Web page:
As well as Sephora, Olivia, who has 1.3 million Instagram followers and 1.9 million subscribers on YouTube, has had paid partnerships with Marc Jacobs Beauty, TRESemmé, Calvin Klein, Lulus, Amazon, SmileDirectClub, and WindsorStore.com, among others.
Cash money: Olivia is thought to have made a lot of money from sponsored Sephora posts like this one, and she has also attended a number of events with the brand
Promos: Brands can pay influencers like Olivia up to thousands of dollars per Instagram post to promote their products
Spreading the love around: Olivia has also done sponsored posts for other brands like TRESemmé, Calvin Klein, Lulus, Amazon, SmileDirectClub, and WindsorStore.com
Raking it in: Olivia is pictured in yet another sponsored Sephora post
It seems that the partnership had been a profitable one for both parties, with Olivia happily plugging the palette on her Instagram and YouTube — at least up until this week, when Olivia’s parents were charged for allegedly paying $500,000 in bribes to a USC employee.
The payment was made so that both Olivia and her older sister Isabella would be designated as crew team recruits, snagging them admission — even though neither does crew.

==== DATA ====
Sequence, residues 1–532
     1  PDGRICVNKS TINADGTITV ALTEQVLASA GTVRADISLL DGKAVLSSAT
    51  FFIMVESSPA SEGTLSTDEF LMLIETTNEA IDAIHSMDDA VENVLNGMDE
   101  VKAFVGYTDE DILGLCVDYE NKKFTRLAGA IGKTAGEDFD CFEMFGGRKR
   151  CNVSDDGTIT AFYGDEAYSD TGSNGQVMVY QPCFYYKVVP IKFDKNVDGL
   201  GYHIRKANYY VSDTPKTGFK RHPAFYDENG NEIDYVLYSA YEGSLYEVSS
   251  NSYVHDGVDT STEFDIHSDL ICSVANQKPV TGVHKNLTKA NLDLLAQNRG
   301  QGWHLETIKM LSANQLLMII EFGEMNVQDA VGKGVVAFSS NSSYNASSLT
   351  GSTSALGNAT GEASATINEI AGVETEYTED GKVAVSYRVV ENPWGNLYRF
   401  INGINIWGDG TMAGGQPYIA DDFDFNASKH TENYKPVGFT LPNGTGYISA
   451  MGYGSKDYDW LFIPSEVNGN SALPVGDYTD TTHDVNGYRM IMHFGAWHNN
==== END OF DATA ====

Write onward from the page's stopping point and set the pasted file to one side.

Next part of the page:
And not long after the news was revealed, outraged customers quickly began calling for Sephora to stop paying for sponsored posts from Olivia and pull all products from their collaboration from stores.
‘I want @Sephora to pull all products related to Olivia Jade and shutdown all business and products related to it @FBI @FBILosAngeles @FBIBoston because it’s all tied to felony corruption and fraud from Lori Loughlin and her husband Mossimo Giannulli,’ wrote one.
‘@Sephora cancel any contract you had with Olivia Jade,’ tweeted another.
‘@Sephora drop your partnership with Olivia jade. Why would u want an “influencer” who took the rightful place of a deserving academic student #wrong I and many others won’t be buying from Sephora if you continue to support her!’ tweeted a third.
And a fourth: ‘@Sephora do the right thing & drop Olivia Jade’s collection from your stores.’
Some have also begun to leave negative reviews on the product page for Olivia’s palette.
Not looking good: Customers quickly began demanding that Sephora cut ties with the influencer and YouTuber in the wake of the scandal
‘I love to use this product on days when I want to use my privilege to suppress and steal from more deserving individuals. Totally sweat proof, lasts all through my crew practice that I don’t actually attend,’ snarked one.